It was 1993 when Sara Phelps, the writer of A Very British Scandal, first heard about the story of the “Dirty Duchess,” as she was called in her obituary. Speaking to the BBC, Phelps recalled the story that lead her to write the new drama series.
“A Very British Scandal is the tempestuous marriage and the bitter, brutal divorce of the Duke and Duchess of Argyll. It’s a story about a woman who refused to be slut shamed, who refused to go quietly and refused to do as she was told.
“She set fire to the expectation of her class, gender and her sex rather than go quietly. She put the private lives of the wealthy, the landed and the titled all over the front pages, not the untouchable great and good, but bare forked animals.
“She was spoiled, troubled, complex, demanding, infuriating, beautiful, stylish, silly, generous, vain, bloody-minded, very funny and brave. I love her for all of it.”
READ MORE: Introduction to A Very British Scandal, by Sarah Phelps (BBC)
A Very British Scandal turns this scandal inside out in order to explore the social and political climate of post-war Britain, looking at attitudes towards women, and asking whether institutional misogyny was widespread at the time.
As her contemporaries, the press, and the judiciary sought to vilify her, Margaret Campbell kept her head held high with bravery and resilience, refusing to go quietly as she was betrayed by her friends and publicly shamed by a society that reveled in her fall from grace.
The series focuses on the divorce of the Duke (Paul Bettany) and Duchess of Argyll (Claire Foy), one of the most notorious, extraordinary and callous legal cases of the 20th century.
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Famed for her charisma, beauty and style, Campbell, the Duchess of Argyll, dominated the front pages, as a divorce featuring accusations of forgery, theft, violence, drug-taking, secret recording, bribery and an explicit polaroid picture — all played out in the white-hot glare of the 1960s media.
The series director, Anne Sewitsky, explained to the BBC why the story is so relevant to today after more than 60 years. “I think it is relevant in the way of looking back and seeing a woman who thought she was equal, and that the fight was equal, but in the end she loses because she’s a woman and because she can be shamed.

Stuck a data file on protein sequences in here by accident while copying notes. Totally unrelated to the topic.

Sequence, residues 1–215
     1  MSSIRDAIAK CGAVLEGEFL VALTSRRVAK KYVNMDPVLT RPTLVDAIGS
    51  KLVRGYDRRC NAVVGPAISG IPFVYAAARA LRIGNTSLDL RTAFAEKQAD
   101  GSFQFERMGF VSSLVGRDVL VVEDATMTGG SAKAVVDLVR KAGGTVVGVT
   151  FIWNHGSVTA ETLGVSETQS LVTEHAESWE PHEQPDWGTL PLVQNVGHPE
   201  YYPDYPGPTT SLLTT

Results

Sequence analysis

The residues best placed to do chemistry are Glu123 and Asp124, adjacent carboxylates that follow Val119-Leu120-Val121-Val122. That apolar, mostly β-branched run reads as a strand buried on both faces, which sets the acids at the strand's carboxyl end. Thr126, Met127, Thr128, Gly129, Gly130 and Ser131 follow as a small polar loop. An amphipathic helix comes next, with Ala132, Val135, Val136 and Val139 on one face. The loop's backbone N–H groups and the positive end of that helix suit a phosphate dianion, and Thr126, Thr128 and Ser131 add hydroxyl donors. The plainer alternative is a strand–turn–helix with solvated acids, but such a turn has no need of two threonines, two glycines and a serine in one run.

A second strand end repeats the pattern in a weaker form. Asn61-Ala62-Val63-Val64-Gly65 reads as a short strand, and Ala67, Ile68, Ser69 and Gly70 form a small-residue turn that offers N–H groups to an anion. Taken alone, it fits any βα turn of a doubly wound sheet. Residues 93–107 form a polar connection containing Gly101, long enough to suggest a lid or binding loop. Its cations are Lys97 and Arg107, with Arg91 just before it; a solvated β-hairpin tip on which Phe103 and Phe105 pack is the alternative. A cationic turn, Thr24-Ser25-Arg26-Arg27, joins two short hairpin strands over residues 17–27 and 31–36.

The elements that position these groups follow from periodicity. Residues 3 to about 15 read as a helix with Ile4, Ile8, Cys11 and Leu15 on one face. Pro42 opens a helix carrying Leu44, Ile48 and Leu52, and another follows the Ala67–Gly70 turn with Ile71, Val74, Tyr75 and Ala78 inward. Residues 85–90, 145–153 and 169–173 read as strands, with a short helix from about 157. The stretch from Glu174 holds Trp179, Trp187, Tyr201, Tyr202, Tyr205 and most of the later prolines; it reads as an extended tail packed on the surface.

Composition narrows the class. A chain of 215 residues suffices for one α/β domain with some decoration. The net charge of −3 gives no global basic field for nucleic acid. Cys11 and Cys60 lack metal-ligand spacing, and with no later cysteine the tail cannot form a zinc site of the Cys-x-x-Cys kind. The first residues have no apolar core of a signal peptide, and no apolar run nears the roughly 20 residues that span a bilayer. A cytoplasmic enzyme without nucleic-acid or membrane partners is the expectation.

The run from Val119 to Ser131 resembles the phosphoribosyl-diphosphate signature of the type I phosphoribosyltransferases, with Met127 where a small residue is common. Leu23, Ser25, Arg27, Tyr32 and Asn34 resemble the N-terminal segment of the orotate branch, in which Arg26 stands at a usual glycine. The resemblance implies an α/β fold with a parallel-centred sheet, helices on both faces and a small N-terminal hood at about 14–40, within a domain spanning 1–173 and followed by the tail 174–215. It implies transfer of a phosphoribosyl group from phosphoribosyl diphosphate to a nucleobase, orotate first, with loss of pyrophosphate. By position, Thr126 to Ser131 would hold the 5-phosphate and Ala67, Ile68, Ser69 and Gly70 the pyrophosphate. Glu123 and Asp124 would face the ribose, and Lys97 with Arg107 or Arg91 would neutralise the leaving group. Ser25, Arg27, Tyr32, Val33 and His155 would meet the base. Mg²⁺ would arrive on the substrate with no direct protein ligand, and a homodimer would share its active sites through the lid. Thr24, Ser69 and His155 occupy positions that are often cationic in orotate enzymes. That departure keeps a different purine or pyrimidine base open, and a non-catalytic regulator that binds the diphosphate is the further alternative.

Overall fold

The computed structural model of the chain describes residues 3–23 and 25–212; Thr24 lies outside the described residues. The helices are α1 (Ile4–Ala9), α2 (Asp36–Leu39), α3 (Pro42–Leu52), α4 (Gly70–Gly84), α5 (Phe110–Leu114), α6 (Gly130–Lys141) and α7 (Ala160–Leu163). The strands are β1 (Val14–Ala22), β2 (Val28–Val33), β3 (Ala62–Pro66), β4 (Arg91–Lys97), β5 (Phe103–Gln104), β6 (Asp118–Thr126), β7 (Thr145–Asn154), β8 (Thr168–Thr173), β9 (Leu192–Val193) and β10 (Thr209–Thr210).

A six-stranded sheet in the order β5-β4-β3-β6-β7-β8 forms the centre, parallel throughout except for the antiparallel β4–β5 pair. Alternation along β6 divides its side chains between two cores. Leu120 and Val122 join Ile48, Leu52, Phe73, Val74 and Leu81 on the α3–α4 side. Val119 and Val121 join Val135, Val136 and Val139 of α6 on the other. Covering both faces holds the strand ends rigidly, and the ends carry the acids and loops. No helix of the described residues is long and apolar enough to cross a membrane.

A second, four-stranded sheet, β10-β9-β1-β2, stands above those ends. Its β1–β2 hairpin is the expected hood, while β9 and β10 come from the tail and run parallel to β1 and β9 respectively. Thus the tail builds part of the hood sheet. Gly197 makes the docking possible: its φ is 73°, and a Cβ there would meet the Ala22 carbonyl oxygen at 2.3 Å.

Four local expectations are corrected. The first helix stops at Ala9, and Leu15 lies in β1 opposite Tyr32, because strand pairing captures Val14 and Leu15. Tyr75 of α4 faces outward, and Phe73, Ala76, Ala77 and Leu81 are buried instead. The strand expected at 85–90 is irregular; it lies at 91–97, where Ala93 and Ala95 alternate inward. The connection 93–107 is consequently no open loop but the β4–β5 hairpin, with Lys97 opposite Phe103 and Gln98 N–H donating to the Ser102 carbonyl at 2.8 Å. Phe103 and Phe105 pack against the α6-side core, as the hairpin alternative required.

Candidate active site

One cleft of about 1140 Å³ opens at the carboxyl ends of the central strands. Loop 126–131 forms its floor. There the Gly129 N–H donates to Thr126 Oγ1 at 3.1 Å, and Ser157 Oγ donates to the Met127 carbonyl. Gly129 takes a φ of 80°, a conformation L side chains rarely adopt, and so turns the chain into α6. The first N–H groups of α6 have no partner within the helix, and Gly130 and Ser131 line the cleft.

“They did terrible things to her, such as trying to commit her into a mental hospital, saying how she was a highly sexualized woman because of the way she was acting. It’s important to be able to look back as I don’t think the world is like that now. In our story I feel that we look mainly on the relationship and the love story between them but the result of that is that she’s shamed.”
The series is also noteworthy for its look, which could be described as a velvety, high-contrast aesthetic. Jon Fauer of Film and Digital Times asked cinematographer Si Bell about his choices. “We used ARRI ALEXA Mini with Canon K35 primes. We tested a lot of lenses. We tried large format, anamorphic, different cameras. I had shot Peaky Blinders on the MONSTRO 8K.
“We were talking about a very fluid style requiring a very light handheld camera, with lenses that flared and had a soft feel. We loved the K35 lenses and what they brought. Because we weren’t locked into having to shoot full 4K, we could use the Mini, and the K35 covered the Mini’s Super35 image area.
“Anne Sewitsky, the director, and I liked the vintage Canon K35 primes for their look, size and close focus ability. There’s a lot of dynamic camera movement, handheld, and very, very close shots where we’re really in the faces of the characters.
“It was funny, because when we first started shooting, Claire Foy asked me, “Why are you so close?” When she did The Crown, they were much further back on longer lenses. We knew this series was going to be compared to The Crown — it’s a similar period, it’s Claire Foy, it’s royal, it’s the UK, and it has similar locations. We wanted something unique and different. We had to try to create a look that was different.
“It was more vibrant, more colorful, handheld, close, flare-y, and soft.”
READ MORE: Si Bell on “A Very British Scandal” (Film and Digital Times)
Foy, who took the lead role of the limited series, commented on why she thought the story chimed all these years later. “Margaret’s sexuality seems to have become another personality or something outside of herself, which I find that really bizarre and strange. Calling her the ‘Dirty Duchess’ is so misogynistic and I would like to think things have changed, but I don’t think they have.
“I hope that it allows a woman who was judged, ridiculed, belittled, manipulated and taken advantage of by the legal system, to at least have that shown. I think that the law doesn’t particularly treat women very well at all and this is just one example of how the odds were not stacked in her favor. She was an interesting woman and the more stories about interesting women, the better.”
A Very British Scandal’s three, one-hour episodes are currently streaming on the BBC iPlayer in the UK, and will be available April 22 on Prime Video in the US, Canada, Australia and New Zealand.